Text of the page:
In the past few years, there has been an explosion of interest in artificial intelligence (AI). But along with all the excitement comes a healthy dose of skepticism and wariness. After all, AI is still in its infancy, and we don’t yet know all the ways it will impact our lives.
One of the major challenges facing AI is what’s known as the “algorithmic bias” or “machine learning bias” problem. This happens when algorithms are trained on data that is biased in some way. For example, if you train a facial recognition algorithm on a dataset of mostly white faces, it will be more likely to mis identify people of color.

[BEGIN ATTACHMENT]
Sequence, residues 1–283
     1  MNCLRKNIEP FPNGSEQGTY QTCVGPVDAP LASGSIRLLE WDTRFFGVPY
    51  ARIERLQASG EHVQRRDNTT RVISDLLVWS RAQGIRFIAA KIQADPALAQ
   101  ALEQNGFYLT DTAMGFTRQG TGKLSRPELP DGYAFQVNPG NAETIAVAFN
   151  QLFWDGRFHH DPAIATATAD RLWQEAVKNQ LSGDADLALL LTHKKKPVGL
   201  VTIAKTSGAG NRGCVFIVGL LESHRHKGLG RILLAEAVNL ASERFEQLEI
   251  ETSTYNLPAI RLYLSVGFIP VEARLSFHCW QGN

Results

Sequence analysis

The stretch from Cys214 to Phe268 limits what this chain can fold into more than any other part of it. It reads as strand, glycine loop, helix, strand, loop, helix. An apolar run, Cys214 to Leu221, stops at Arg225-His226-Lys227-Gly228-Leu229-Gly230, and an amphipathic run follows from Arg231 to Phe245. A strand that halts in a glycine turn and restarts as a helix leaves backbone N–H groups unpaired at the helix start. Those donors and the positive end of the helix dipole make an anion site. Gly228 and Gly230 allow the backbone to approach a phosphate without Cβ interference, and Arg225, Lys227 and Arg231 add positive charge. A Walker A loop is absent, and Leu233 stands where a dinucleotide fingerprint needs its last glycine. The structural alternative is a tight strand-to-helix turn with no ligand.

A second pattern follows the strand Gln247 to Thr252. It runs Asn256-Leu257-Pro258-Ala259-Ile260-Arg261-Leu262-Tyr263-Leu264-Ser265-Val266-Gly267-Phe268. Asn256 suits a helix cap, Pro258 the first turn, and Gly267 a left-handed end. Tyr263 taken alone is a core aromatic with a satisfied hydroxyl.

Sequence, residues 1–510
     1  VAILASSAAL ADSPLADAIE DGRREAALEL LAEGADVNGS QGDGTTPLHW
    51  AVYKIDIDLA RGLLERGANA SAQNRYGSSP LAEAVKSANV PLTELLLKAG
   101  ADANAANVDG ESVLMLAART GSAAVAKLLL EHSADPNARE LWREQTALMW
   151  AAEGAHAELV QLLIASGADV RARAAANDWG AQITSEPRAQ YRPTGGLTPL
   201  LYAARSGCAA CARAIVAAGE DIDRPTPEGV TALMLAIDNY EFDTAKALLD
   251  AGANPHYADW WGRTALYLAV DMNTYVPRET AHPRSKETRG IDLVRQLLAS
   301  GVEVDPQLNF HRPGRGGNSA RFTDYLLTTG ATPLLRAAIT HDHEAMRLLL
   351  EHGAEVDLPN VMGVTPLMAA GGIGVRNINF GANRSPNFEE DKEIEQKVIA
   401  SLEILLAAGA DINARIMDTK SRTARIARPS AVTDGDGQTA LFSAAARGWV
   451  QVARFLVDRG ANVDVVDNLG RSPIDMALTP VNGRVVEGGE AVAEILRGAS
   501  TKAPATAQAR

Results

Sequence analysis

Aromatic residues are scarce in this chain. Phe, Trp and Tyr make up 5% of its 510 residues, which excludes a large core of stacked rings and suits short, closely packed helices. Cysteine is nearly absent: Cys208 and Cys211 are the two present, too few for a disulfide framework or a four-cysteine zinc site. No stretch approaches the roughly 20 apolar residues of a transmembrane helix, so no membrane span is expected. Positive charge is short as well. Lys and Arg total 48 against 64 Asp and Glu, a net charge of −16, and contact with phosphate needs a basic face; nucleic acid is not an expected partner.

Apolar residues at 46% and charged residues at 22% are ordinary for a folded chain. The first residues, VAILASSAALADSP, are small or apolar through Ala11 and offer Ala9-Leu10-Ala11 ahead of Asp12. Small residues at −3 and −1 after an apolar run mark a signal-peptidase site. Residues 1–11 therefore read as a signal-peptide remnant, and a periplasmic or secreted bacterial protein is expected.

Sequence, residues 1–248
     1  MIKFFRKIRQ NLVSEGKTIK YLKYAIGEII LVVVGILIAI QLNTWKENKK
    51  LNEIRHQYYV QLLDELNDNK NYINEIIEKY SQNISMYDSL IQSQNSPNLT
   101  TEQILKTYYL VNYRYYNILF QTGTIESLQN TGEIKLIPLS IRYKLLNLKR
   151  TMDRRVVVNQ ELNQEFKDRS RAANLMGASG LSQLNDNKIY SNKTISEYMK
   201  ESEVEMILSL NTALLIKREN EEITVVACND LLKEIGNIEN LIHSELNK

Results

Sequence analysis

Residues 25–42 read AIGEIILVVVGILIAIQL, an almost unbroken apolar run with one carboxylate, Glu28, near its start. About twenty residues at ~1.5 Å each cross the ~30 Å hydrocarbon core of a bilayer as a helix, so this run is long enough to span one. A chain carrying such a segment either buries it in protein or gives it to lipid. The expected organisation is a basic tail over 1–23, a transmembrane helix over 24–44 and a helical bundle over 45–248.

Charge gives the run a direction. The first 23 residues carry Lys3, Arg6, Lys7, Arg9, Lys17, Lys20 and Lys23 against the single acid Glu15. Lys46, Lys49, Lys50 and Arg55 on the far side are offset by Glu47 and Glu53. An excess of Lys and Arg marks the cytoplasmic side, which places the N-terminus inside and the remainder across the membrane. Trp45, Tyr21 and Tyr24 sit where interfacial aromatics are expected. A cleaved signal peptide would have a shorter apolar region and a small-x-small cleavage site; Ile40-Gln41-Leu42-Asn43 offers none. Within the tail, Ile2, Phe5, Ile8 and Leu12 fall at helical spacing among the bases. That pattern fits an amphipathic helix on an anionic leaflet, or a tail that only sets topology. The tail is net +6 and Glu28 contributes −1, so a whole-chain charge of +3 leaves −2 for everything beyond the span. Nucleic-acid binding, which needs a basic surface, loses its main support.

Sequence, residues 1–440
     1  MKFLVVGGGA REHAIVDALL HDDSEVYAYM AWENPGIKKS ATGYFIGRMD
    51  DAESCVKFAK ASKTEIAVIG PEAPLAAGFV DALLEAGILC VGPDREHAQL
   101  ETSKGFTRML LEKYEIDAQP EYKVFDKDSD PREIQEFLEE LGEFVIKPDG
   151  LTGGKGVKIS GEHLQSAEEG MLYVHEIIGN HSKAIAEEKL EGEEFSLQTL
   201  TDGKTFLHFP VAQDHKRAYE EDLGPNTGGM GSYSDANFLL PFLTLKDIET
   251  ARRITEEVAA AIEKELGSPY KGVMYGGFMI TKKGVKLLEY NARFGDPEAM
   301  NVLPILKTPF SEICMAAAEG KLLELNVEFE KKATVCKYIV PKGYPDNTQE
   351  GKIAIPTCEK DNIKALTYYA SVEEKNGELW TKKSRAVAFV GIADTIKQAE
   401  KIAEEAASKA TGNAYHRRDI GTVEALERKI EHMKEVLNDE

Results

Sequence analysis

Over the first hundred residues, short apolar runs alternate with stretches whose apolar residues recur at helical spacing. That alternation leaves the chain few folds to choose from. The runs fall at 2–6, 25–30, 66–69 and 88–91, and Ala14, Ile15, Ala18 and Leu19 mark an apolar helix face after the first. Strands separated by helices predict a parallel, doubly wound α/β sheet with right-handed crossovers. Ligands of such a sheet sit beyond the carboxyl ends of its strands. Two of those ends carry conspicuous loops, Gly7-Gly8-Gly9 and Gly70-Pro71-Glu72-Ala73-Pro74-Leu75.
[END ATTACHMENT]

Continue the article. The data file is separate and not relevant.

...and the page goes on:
This problem is compounded by the fact that most data sets are not representative of the entire population. They tend to be skewed towards certain groups (such as white males) because those groups are more likely to generate data (for example, through online activity). As a result, machine learning can inadvertently amplify existing biases.
Another challenge for AI is what’s known as “overfitting.” This happens when an algorithm has been trained on too few examples and consequently doesn’t generalize well to new data. Overfitting